Citing Dhaliwal, 98 Sikh American service members and law enforcement officials call for religious accommodation

They write letters to the Department of Defense and national police agencies.

Deputy Sandeep Singh Dhaliwal, who lost his life in the line of duty last month, is mourned not just across the Sikh American community but also by everyone who valued diversity in America. The slain officer symbolized the multicultural ethos of the country and heralded it in more ways than one. Now citizens across the US are urging the policymakers to take note of his contributions.

Recently 98 former and current Sikh service members and law enforcement officials delivered letters to the U.S. Department of Defense and national police agencies calling for changes to accommodation policies for religious minorities. Paying tribute to Dhaliwal’s service, these Sikh Americans urged their respective institutions to streamline the process for all Americans that are willing and able to serve with their religious articles of faith intact.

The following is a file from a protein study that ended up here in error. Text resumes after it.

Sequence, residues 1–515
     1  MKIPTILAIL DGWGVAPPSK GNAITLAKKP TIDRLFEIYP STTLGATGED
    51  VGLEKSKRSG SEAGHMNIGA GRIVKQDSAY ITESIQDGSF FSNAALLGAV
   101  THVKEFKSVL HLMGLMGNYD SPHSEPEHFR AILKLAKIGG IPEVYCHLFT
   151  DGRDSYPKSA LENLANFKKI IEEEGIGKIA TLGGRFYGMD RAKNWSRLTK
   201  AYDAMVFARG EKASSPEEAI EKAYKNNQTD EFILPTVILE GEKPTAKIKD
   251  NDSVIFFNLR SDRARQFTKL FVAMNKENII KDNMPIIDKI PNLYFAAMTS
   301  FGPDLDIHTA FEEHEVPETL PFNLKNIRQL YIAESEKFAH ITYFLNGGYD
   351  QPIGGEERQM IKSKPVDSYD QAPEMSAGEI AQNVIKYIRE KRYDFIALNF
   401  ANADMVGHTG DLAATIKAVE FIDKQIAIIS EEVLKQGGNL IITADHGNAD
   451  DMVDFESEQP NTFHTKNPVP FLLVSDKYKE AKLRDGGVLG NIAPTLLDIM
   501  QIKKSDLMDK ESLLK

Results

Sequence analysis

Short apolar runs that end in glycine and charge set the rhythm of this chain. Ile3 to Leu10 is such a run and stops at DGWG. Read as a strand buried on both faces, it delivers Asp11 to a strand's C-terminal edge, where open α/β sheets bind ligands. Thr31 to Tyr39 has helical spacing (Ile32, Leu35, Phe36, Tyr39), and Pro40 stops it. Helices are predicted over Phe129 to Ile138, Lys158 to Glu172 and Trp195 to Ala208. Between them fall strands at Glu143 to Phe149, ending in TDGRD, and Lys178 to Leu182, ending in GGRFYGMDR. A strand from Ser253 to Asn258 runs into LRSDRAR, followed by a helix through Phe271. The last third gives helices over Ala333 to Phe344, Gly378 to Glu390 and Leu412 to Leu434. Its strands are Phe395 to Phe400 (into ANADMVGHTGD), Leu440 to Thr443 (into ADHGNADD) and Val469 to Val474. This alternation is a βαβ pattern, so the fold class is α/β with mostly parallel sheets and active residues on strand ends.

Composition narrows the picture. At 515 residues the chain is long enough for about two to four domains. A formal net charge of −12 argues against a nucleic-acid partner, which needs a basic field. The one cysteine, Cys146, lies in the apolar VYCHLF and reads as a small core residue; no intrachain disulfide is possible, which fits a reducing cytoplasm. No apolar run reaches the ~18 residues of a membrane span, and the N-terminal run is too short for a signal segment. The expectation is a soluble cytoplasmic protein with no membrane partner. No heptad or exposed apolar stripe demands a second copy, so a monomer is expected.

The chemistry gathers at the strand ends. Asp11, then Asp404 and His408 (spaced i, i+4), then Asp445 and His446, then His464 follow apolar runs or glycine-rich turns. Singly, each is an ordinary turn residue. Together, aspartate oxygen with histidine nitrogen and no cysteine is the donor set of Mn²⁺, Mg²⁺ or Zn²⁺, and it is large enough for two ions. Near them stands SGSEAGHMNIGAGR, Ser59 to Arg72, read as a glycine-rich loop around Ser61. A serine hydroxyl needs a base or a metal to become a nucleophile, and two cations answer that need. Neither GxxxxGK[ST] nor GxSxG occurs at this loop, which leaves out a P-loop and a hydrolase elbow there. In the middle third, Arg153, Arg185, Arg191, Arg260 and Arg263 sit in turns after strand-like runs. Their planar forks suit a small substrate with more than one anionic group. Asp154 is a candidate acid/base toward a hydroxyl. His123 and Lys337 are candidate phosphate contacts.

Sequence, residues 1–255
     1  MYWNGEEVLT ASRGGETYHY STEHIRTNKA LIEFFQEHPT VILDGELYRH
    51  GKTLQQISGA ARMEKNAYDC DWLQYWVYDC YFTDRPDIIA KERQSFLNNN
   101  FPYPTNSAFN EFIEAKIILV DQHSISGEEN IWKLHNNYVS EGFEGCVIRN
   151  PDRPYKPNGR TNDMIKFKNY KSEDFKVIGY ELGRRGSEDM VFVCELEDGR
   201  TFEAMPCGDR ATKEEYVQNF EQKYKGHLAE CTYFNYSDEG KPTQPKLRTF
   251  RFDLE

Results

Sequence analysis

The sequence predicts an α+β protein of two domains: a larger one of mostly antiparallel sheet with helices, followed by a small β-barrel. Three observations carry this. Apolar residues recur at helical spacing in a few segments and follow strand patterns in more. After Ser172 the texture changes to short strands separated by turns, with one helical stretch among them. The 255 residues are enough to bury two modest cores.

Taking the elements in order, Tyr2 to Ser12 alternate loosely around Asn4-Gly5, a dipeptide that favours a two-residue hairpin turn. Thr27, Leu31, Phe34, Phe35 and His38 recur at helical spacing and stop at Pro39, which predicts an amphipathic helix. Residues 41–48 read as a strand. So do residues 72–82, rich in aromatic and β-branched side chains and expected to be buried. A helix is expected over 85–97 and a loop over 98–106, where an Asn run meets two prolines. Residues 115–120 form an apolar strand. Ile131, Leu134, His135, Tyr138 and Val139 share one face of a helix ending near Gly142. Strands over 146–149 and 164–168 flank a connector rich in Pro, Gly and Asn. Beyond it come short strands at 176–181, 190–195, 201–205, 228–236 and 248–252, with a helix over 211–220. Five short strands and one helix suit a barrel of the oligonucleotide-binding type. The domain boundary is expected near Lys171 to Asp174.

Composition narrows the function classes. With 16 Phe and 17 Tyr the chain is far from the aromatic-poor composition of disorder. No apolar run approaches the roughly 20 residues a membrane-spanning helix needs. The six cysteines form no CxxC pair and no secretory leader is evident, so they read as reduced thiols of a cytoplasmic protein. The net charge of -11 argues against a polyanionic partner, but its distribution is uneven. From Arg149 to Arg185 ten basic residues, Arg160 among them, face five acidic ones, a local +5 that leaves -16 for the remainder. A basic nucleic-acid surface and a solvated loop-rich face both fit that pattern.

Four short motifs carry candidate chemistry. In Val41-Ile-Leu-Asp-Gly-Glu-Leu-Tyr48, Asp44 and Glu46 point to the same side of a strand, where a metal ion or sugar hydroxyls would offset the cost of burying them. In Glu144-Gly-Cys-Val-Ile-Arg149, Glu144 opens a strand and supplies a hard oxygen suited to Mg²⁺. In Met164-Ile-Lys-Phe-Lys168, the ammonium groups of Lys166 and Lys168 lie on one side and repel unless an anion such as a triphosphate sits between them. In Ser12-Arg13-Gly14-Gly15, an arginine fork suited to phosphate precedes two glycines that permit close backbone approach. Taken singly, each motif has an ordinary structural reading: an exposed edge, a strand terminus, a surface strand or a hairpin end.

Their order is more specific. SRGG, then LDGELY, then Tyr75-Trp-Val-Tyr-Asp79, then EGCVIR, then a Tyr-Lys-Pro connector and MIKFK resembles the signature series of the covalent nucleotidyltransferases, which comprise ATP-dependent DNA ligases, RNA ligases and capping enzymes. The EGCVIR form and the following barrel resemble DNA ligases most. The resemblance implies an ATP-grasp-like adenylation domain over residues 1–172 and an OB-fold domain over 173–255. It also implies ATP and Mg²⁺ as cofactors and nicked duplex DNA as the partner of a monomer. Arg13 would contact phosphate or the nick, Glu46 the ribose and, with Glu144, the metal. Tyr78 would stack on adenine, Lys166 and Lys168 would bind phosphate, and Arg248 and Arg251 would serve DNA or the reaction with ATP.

The first letter urges state and local law enforcement to adopt clear accommodation policies for aspirant officers following in Dhaliwal’s footsteps. The second letter calls on the U.S. Department of Defense to implement a streamlined accommodation process across all branches of the U.S. military, similar to the policy change implemented by the U.S. Army in 2017, allowing religious accommodation of observant Sikh service members.

According to the civil rights organization Sikh Coalition, at the moment, approximately 25 U.S. law enforcement agencies allow religious accommodations for Sikhs, while the U.S. Air Force, Marines, and Navy still have policies that prohibit Sikhs and other religious minorities from serving with their religious articles of faith.

“In 2015, Deputy Dhaliwal became the first Sikh on the force to wear his articles of faith, including his turban and unshorn hair, while serving,” said Manpreet Singh, a Sikh Coalition board member and Houston community leader. “In doing so, he exemplified the Sikh ideal of seva, or selfless service to his community. Though his passing is deeply painful, it serves as an important reminder that the Sikh faith poses no barriers to serving our communities proudly.”

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